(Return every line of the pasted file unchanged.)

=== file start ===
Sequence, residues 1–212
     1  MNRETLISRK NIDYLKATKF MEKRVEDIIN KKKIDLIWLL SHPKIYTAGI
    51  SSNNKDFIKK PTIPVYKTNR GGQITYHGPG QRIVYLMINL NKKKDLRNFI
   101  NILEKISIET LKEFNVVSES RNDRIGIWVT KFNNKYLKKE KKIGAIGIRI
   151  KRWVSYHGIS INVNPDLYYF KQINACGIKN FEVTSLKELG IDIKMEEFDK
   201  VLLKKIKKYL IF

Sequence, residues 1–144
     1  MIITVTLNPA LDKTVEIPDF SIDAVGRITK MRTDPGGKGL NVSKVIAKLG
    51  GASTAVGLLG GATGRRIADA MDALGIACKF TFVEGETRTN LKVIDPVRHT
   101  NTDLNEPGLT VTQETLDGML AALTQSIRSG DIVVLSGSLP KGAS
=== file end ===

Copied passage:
Sequence, residues 1–212
     1  MNRETLISRK NIDYLKATKF MEKRVEDIIN KKKIDLIWLL SHPKIYTAGI
    51  SSNNKDFIKK PTIPVYKTNR GGQITYHGPG QRIVYLMINL NKKKDLRNFI
   101  NILEKISIET LKEFNVVSES RNDRIGIWVT KFNNKYLKKE KKIGAIGIRI
   151  KRWVSYHGIS INVNPDLYYF KQINACGIKN FEVTSLKELG IDIKMEEFDK
   201  VLLKKIKKYL IF

Sequence, residues 1–144
     1  MIITVTLNPA LDKTVEIPDF SIDAVGRITK MRTDPGGKGL NVSKVIAKLG
    51  GASTAVGLLG GATGRRIADA MDALGIACKF TFVEGETRTN LKVIDPVRHT
   101  NTDLNEPGLT VTQETLDGML AALTQSIRSG DIVVLSGSLP KGAS